Tonic Water

Bradley’s Kina Tonic

kina-tonic-bottle

Occasionally, it takes me a while to get around to getting a review up. I’ve had this wonderful bottle of tonic syrup chronicled in my notes for some time. I unexpectedly received another bottle very recently which prompted me to look in my notes and realize [to my chagrin] that I have not written about this fantastic syrup here.

The story:

Bradley’s Kina Tonic is small batch, made by hand, and hails from Seattle [Hi Seattle!]. It’s alike many other tonic syrups in terms of appearance and aroma; however, you won’t quite know exactly how it differs until you open it up. That’s right, the “spices” labeled on the back are not listed. They’re a secret. You’ll just have to taste for yourselves.

Tasting Notes

The color is a light cocoa, with this hint of rusty maroon, giving it an almost ciderish appearance. The liquid is thick and somewhat viscous; however, not unctuous I’d place it somewhere in the middle, and perhaps slightly less rich and syrupy than other tonic syrups.
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Gin Reviews

Wheel House American Dry Gin

wheel-house-gin-bottle

wheel·house / ˈ(h)wēlˌhous, noun: wheelhouse; plural noun: wheelhouses

    1. a part of a boat or ship serving as a shelter for the person at the wheel. 2. the part of a batter’s strike zone most likely to produce a home run. “Oakland’s closer Street left a fastball in Bonds’ wheelhouse with two outs” 3. a place or situation in which one is advantageously at ease.

Officially it’s definition 1, but I suggest there’s a little a bit of definition 3 here in as well.

In our own <100 Words

Straight from Sacramento City, California, Wheel House Gin is Gold River Distillery’s tribute to the culture of the city and region during prohibition. Enterprising sons and daughters of Gold miners from the Gold Rush weren’t having any of this prohibition business. Taking advantage of the city’s geography, bootleggers used river boats to bring the contraband to the speakeasies of the city. Those brave souls steered their ships from the Wheelhouse, or definition 1.
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Gin Reviews

Mohawk Gin

mohawk-gin-bottle

Perhaps you’re saying “not again, Aaron! another plastic bottle?”

I do not try to be biased in which gins I choose to reviews. Craft, rectified, or big-names. I aspire to give them all a fair shot. As in, I’ll let them stand on their own merits [or lack thereof]. I think that it’s important to sometimes go out and pick up some of these gins that I oft pass over, since in a world where despite gin’s ubiquity in cocktail menus across the nation, these inexpensive plastic bottles are what many people’s first taste of gin is. These gins are among the biggest sellers and most common gins in this country. And yet nary a word is written about them.

I’ve seen Mohawk Gin on the shelves of Buffalo area liquor stores growing up, and until a recent trip back, I hadn’t ever actually given it a try. Until Now.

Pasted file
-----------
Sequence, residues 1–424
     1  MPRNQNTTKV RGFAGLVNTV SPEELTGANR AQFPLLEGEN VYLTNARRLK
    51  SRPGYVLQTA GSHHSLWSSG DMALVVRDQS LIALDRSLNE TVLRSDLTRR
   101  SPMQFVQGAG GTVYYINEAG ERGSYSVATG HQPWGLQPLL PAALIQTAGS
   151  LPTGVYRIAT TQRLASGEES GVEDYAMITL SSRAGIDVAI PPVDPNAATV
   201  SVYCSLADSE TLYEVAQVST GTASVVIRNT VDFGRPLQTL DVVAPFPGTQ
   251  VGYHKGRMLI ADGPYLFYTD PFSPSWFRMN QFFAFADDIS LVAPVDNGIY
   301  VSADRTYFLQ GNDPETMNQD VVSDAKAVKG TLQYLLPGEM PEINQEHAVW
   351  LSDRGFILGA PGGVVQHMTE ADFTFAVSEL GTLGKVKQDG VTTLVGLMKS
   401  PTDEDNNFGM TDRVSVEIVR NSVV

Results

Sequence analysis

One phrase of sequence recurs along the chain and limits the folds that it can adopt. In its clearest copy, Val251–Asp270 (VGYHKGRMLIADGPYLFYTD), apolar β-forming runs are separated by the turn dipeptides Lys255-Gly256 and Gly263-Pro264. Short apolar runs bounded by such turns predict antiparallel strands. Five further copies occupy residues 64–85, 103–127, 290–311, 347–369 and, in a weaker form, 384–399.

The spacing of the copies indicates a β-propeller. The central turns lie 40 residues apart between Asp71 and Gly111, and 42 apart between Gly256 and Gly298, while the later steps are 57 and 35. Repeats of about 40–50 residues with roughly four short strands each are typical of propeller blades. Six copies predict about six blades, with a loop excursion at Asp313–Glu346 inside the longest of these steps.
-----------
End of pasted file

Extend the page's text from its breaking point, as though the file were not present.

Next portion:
In < 100 of our own words

Mohawk Gin is surprisingly part of a diverse portfolio of brands owned by Heaven Hill Distilleries Inc.
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Gin Reviews

Goodman’s Gin

goodman's-gin

Goodman’s is a newly released small-batch gin from the Netherlands: a partnership between Paul and Gerda de Goede  and a historic artisan distiler. Goodman’s Gin was inspired by the Florida Keys, and is part of an emerging pattern of brands being designed to “drink neat,” but also “mix well with everything.” We’ve been drinking gin neat here for years, and its exciting to have more and more folks paying attention to that space, though for most bartenders and gin-drinkers, its the cocktails that still hold the most weight.

Tasting Notes

On the nose, juniper, sweet orange rind, a little bit of a cassia and grains or paradise as well. There’s a faint spicy, sort of sweetness in the background here. Quite nice, leaning classic.

The palate is strong and assertive, especially upon first sip. Juniper with a little bit of heat up front, quickly spreading to the sides. The heat is a little bit bracing, but the flavors of the other botanicals begin to shine through.
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Gin Reviews

Waterloo Antique Barrel Reserve Gin

waterloo-barrel-aged

Waterloo Antique is the darkest Barrel Aged Gin we’ve seen yet. It’s dark brown, almost root beer or cola hue sets it apart. (Is this really an aged gin?) Another aspect of Waterloo Antique that is rare among aged gins is both the length of the aging and the methodology. It is composed of a blend of gins, each which have been aged different lengths of time, and in some cases as much as two years.

Tasting Notes

Wow, what a nose on this gin! Sweet, caramel, brown sugar and pecan pie, even a slight touch of dark rum. There’s some citrus and honeysuckle in the background, but this one is a stunner. Unlike any gin I’ve ever nosed before. It presses the buttons of what exactly you think an aged gin can be.

On the palate, it begins a little quiet than expected, with hints of rosemary, grapefruit. There’s a pronounced rich honeysuckle notes in the mids, rich and syrupy before the palate seemingly turns over itself, with a roar of spice and citrus, you’re getting hints of clove, allspice, nutmeg and then some tart lemon rind.
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